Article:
Don't just visit the Yucatan....Experience It! 
Welcome to the real México...the real Yucatan.


But what is the real Yucatan? It is different things to different people.

It's the rich history moving backward in time to the Mexican Revolution, the War of the Castes, the Spanish Colonization of Mexico, the Mayan civilizations and their "lost" cities...all the way back to the asteroid that crashed off the coast of Yucatan and caused the extinction of the dinosaurs. The asteroid probably also caused the fracturing of the limestone shelf of northern Yucatan that eventually grew into what are now known as cenotes…freshwater “sinkholes”, many of which are open to the public for swimming.

 It’s the friendliness of the people…the smiles, the greetings and the welcoming hands of locals to foreigners and strangers.


It’s the living Mayan world with the food, crafts, language and culture that is alive and well and part of the everyday landscape. The delicious tamales wrapped with banana leaves instead of corn husks. The rich flavors of dishes like chimole or relleno negro or puchero. The variations on tortillas like panuchos and salbutes or the very regional and local pibihuas and volcanes. (Come with me to the municipal market and you can taste the differences).

It’s the architecture of the Mayan pyramids as well as their thatched roof huts set in close proximity to Spanish colonial structures.

It’s the closeness to nature that comes from living in a climate where you almost never close the doors or windows. From the thousands of flamingos on the north coast to the rare jaguars that still roam the jungles very near to Valladolid. The huge variety of birds that announce daybreak and nightfall. The orchids and flowering trees, the wide variety of tasty fruits and the medicinal bushes that cure many ills. The iguanas that can reach four feet in length to the tiny, but powerfully-voiced, geckos that hide behind outdoor light fixtures waiting in ambush for mosquitos and flies. The stingless bees that produce some of the best honey in the world.


Atracciones

[b] Mayan Ruins & Living Mayan Villages [/b] Valladolid está rodeada por docenas de ruinas mayas fáciles de alcanzar y docenas de pueblos mayas donde los descendientes de los constructores de la pirámide aún viven de forma muy similar a como lo hicieron sus antepasados.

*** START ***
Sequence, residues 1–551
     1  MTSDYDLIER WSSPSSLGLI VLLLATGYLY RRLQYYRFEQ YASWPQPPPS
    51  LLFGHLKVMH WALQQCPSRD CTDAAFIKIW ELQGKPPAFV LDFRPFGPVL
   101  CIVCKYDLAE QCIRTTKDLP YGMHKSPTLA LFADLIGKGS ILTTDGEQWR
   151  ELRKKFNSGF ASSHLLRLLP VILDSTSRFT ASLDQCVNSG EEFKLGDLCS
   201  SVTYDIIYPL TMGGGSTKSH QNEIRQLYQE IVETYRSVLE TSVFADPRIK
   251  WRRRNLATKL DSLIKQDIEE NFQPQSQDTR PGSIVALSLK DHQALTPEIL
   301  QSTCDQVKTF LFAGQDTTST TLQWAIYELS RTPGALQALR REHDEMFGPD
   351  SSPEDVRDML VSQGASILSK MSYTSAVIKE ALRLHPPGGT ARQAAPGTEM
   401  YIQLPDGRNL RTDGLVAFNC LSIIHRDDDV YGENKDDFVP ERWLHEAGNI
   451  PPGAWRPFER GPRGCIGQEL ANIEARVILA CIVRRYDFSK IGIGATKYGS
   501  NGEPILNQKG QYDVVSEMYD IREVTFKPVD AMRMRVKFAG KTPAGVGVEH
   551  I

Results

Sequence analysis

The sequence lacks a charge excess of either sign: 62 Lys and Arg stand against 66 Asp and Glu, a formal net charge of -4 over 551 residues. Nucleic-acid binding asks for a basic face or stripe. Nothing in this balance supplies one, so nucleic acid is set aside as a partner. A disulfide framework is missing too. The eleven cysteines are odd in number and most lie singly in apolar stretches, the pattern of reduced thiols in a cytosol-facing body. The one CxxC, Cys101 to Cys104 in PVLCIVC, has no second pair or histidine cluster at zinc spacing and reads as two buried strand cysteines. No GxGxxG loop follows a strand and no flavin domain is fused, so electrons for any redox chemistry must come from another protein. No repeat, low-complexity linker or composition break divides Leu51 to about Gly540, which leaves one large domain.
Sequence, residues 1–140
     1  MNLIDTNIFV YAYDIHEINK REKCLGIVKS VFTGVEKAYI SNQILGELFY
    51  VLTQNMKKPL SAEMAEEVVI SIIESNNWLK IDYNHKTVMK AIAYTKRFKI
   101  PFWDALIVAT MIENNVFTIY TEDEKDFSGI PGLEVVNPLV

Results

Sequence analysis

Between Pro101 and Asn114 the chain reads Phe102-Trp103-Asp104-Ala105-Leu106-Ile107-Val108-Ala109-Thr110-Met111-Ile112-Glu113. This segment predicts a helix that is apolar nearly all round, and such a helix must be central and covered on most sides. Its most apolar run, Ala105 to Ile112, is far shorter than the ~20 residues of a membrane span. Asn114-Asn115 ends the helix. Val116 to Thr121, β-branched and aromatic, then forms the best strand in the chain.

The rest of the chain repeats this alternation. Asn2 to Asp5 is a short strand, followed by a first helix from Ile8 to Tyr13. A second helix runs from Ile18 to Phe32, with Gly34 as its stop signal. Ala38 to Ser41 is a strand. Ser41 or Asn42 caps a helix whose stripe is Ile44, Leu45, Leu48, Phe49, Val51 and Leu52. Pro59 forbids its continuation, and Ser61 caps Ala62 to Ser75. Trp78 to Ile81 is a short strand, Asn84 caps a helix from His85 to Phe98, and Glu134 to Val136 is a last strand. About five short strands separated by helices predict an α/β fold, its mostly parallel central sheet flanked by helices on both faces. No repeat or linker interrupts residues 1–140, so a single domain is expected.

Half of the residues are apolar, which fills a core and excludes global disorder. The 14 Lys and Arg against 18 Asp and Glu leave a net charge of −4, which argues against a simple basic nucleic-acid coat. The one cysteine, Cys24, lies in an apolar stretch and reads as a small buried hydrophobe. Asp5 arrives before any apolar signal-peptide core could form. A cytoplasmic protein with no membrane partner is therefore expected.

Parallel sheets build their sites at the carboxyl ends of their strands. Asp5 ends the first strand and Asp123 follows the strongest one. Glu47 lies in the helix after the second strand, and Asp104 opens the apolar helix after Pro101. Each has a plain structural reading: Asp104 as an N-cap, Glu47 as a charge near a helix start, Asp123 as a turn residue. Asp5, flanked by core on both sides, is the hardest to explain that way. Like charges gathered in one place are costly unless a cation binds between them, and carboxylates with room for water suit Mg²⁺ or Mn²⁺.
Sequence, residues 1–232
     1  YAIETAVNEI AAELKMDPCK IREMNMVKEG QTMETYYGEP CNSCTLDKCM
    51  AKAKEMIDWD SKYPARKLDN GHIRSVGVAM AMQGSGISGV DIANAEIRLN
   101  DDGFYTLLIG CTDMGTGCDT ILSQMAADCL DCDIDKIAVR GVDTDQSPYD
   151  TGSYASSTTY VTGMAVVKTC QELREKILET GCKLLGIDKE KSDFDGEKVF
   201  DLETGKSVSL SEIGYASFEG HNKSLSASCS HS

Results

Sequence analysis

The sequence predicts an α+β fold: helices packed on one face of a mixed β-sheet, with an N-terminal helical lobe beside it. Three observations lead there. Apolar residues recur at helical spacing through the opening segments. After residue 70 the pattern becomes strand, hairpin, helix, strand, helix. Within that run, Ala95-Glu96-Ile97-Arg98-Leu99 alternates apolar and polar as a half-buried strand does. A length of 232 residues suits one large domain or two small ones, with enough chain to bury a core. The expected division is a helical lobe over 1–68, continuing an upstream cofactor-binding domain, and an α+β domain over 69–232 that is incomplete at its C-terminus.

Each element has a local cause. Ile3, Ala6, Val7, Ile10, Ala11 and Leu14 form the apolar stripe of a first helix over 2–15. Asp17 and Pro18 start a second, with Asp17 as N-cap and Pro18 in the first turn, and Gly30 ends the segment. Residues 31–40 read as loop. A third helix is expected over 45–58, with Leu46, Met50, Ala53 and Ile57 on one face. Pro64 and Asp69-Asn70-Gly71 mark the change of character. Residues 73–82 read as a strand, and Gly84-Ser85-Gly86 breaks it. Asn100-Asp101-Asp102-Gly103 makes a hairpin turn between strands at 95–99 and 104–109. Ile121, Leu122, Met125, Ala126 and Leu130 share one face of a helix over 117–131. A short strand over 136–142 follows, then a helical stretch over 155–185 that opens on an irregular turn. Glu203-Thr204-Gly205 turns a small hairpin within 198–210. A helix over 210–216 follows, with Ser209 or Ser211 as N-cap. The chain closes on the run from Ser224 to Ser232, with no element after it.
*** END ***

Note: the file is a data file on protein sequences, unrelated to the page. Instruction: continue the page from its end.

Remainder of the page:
[b] Curación y trabajo corporal [/b] Masaje, terapia de masajes, tratamientos faciales, limpiezas rituales y otras modalidades de curación y curación están disponibles en los terrenos de Casa Hamaca o en la cabaña de un Chamán Maya.

[b] Historia colonial [/b] Valladolid y sus alrededores fueron colonizados por los españoles en 1543. Numerosas iglesias y edificios de esta época están disponibles para explorar tanto dentro como fuera de la ciudad.

[b] Historia natural [/b] Cenotes, cuevas y cavernas parecen estar en todas partes. La selva virgen, los humedales que combinan con la vida de las aves y las hermosas playas se encuentran a poca distancia de Valladolid. Para una foto de National Geographic del cenote Xkeken, haga clic en [url=http://photography.nationalgeographic.com/photography/photo-of-the-day/xkeken-cenote/] aquí [/url] .

[list] [*] Clases de español [*] Clases de cocina [*] Clases de masaje [*] Actividades de voluntariado [*] Sanación chamánica [*] Excursiones de la aldea maya [*] Ceremonias Mayas [/list]

[i] Educativas, Participativas y Voluntarias. Una amplia variedad de programas y actividades están disponibles en Casa Hamaca incluyendo clases de español de supervivencia, clases de cocina, clases de masaje, visitas a un chamán, visitas a pueblos mayas, ceremonias mayas, distribución de alimentos, enseñanza de inglés, construcción de techos, voluntarios de la biblioteca y más. [/i]